Face The Music
Music and Lyrics by Irving Berlin
Book by Moss Hart
It's showtime and TLT and her trusty four-wheeled steed took a detour from their usual West End and fringe venues to venture into the exotic East. That is E17, namely Walthamstow and Ye Olde Rose and Crown.
This pub theatre has built up a reputation, like the Union Theatre in South London, for resurrecting lesser known musicals. Indeed, this musical was truly “lost”, painstakingly excavated by the US musical archivists’ team from the Rogers and Hammerstein Organization. (There’s a bit of industry inside knowledge for you gleaned from the internet – the Rodgers and Hammerstein Organization also represents the Irving Berlin copyrights!).
Certainly quite a few musical theatre afficianados, all of whom are on the venue’s mailing list, sat alongside TLT at this first preview, eager to see a re-discovered piece directed by Brendan Matthew in its UK première, Face The Music
No, not the other Irving Berlin show with the famous song "Let’s Face The Music And Dance”. Rather, an earlier revue-type musical written four years before in 1932 with a topical book by Moss Hart about – er – police graft in the Depression ...
Yes, you read correctly Irving Berlin wrote a score which underneath all the gags and sunny satire is a pretty angry show about police and mayoral graft, prostitution, money laundering, fixed court cases – and, oh yes, putting on a show.
From the outset, one has to say this was a very unbalanced (especially as regards sound levels) production but there was enough in it to make TLT wonder what it could be.
At the same time, there was the frustration of a small orchestra often overpowering the voices in the cavernous hall serving as auditorium in this shoestring theatre, plus some strange staging choices affecting sightlines in the first act.
But the costumes (designer Joana Dias) are ingenious and the dance routines (choreographer: Sally Brooks) satisfyingly witty with plenty of floor space for hoofers to hoof, cutting some particularly cute vaudeville silhouettes.
The casting and styling too felt ingenious. Alessandro Lubrano as the juvenile lead Pat Mason, hair slicked to one side, actually looks like Irving Berlin in a chirpy performance with a clear singing voice including one of the better known songs “Let’s Have Another Cup of Coffee”. He’s matched by Joanna Hughes as Kit Baker as his love interest, maybe a little hampered by an underwritten role, but with equally sprightly vocals.
And to continue the likenesses, Ceris Hines as vaudevillian Pickles Crouse, with a passing resemblance to Betty Boop/Julia McKenzie, gives an engagingly kooky and strong rendition of “I Don’t Wanna Be Married”, hoofing pleasingly with partner Lewis Dewar Foley as
Mickey Rooney Joey Malarkey.
While James Houlbrooke’s besotted police officer even managed to remind us of
another James -- Jimmy Stewart.
Whether or not these resemblances were intentional, it gave a satisfying resonance for this audience member.
Joanne Clifton, of BBC’s ballroom hit Strictly Come Dancing fame, showed the expected grace in dance routines but also considerable singing chops and sincerity as actress-turned-street-walker in the satiric Torch Song and on the witness stand.
“The producer came to me/That’s the night I lost my [pause] modesty ...the business is dropping/The show is not liked by the mob ... And judge, I needed the job!”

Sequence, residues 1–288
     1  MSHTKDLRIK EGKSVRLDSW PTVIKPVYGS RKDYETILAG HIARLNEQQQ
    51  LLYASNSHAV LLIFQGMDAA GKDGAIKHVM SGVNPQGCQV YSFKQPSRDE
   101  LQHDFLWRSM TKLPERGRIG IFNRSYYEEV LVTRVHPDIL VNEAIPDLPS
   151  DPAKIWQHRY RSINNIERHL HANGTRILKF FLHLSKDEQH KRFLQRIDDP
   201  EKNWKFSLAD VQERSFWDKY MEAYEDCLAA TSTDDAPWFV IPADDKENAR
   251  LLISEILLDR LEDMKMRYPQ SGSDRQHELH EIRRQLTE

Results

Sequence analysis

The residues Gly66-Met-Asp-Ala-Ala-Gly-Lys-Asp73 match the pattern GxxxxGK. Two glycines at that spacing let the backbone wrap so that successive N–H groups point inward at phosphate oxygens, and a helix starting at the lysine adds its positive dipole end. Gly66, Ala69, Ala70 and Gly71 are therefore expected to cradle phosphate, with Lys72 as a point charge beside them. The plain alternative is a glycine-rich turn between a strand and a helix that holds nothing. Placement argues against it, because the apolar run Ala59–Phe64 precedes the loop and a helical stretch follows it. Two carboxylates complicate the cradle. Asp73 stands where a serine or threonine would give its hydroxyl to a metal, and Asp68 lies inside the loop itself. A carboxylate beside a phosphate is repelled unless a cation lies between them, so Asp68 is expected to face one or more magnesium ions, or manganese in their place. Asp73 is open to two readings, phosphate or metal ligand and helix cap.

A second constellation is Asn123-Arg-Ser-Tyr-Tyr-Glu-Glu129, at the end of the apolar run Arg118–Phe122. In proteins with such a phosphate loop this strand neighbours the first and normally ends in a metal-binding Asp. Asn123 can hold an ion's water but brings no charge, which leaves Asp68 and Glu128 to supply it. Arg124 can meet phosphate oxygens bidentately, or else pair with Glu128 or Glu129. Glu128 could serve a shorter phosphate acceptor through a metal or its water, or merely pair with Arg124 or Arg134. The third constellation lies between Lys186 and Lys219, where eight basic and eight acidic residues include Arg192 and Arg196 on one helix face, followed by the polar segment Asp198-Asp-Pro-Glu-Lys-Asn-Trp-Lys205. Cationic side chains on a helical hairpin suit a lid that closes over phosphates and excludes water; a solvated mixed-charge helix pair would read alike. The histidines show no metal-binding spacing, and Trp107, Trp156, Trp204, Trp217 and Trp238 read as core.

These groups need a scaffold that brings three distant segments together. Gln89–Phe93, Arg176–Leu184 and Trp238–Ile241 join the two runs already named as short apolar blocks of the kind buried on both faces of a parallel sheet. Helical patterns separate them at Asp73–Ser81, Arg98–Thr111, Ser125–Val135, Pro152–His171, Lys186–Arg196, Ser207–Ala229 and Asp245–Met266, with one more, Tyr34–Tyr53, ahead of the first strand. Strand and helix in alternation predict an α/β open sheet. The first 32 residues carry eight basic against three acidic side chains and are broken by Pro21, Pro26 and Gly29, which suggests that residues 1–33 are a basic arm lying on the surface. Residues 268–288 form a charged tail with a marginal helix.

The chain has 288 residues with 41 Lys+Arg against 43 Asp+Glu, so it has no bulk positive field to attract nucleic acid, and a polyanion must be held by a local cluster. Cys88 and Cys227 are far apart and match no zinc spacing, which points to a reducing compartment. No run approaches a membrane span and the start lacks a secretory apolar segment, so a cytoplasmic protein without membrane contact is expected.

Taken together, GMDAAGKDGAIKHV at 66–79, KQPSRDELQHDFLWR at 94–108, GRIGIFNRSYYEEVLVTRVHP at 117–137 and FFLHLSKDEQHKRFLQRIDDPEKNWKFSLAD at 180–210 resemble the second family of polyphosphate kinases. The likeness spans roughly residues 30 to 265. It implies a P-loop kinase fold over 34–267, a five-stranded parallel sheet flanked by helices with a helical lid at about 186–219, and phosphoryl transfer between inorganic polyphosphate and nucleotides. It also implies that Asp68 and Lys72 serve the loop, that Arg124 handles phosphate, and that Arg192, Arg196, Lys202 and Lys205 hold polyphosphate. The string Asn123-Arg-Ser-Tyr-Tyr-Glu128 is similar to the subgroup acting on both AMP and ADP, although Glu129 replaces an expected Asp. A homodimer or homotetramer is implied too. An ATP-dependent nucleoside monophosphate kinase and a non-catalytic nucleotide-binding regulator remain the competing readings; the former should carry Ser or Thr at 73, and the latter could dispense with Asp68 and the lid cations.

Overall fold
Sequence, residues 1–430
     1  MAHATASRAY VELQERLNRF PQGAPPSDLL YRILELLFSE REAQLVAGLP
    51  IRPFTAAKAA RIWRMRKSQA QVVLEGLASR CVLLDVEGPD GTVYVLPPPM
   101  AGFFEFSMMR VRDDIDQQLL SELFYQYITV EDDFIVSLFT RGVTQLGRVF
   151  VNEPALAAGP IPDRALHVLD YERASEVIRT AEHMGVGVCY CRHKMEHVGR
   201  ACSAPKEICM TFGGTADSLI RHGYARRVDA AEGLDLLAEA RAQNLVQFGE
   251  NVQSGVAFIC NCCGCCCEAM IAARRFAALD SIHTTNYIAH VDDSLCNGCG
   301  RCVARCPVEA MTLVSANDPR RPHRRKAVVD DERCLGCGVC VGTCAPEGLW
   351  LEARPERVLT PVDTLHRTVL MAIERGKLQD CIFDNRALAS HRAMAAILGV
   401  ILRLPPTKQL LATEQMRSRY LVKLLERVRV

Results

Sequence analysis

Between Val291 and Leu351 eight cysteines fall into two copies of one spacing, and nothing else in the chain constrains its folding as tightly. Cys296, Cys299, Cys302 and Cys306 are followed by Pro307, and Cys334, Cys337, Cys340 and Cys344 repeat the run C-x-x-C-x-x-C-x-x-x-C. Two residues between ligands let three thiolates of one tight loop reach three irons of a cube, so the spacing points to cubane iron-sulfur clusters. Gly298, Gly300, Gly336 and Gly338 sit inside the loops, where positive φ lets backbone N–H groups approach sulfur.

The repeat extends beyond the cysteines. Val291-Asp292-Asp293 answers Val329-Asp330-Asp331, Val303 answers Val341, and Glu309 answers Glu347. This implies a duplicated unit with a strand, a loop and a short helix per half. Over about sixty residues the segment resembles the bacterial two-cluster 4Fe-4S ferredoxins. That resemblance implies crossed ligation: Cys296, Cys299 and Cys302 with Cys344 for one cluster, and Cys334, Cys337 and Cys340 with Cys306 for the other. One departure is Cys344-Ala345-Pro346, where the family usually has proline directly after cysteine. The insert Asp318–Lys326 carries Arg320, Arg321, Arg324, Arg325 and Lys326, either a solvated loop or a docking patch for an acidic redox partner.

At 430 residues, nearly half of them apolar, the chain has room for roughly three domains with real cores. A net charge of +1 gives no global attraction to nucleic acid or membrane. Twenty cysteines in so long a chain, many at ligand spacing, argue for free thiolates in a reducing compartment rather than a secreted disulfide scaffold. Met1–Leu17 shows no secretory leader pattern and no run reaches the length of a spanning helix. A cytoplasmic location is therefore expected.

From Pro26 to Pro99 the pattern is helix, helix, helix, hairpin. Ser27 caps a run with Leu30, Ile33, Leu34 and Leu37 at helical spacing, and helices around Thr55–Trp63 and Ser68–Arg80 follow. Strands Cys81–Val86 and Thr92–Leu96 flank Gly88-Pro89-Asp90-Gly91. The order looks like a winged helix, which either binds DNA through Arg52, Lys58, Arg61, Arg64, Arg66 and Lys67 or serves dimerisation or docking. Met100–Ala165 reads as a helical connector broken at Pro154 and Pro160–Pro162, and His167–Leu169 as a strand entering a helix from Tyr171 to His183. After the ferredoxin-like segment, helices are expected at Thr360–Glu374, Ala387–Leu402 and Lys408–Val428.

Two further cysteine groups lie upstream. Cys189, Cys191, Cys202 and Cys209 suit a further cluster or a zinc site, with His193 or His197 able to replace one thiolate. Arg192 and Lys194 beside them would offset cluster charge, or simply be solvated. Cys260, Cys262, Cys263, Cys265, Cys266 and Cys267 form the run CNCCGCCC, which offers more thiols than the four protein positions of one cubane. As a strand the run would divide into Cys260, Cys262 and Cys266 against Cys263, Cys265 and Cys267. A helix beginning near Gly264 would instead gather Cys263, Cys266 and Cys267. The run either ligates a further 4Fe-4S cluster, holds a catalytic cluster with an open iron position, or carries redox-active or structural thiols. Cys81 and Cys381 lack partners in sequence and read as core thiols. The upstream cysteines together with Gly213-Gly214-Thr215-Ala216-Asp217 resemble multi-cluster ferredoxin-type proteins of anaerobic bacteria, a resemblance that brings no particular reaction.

It’s that kinda raw show, it’s that kinda life as the show was first performed during a real investigation into New York City police and magistrates’ courts corruption with its litany of bribery, perjury, framing of the innocent, fraud and false imprisonment.
Sure, the impressario Hal Reisman played by Samuel Naughton manages to put on a show, where in a piece of legalistic ventriloquism, the police, lousy with ill-gotten cash, launder their money and then have to raid the show for indecency after expected failure turns to success.
Then in the second act he puts on a sop of a court case (“on every front page and they don’t even charge for admission”). So naturally there’s a happy ending for the manacled-together criminals, show people, court officials, judge, police chief (David Anthony) and wife (Laurel Dougall) – all rigged by the impressario of course.
Perhaps influenced by 1920s’ Bertolt Brecht and Kurt Weil without the overt socialist critique, it’s also as tough in its own way as Mel Brooks’s The Producers thirty years later which it obviously influenced. And maybe it stretches forward even to the 1975 John Kander and Fred Ebb Nowadays premise of Chicago .
Anyway it was a raggedy sort of experience in Walthamstow with TLT and jalopy straining to follow the story and lyrics, but foiled much of the time by the sound levels and sometimes a little too much comedy mugging.
One hopes now some of the flaws are ironed out as it enters mid-run. The audience, in an L-shape around the performing space, all seemed to relish, like TLT, the quality choreography and sporadic high points. So despite misgivings over sound levels, it’s an amber light for an intriguing piece.
And come to think about it, perhaps we’ve been misdirected about Irving Berlin by Fred Astaire’s pristine top hat and tails and Ginger Rogers’ high heels and feathers ... “Before The Fiddlers Have Fled” could be construed as pretty damned angry ...
PS Having gone to see the first preview, TLT and her horsepower scarlet sidekick felt it only fair to forgo posting a next-day review but wait until further into the run.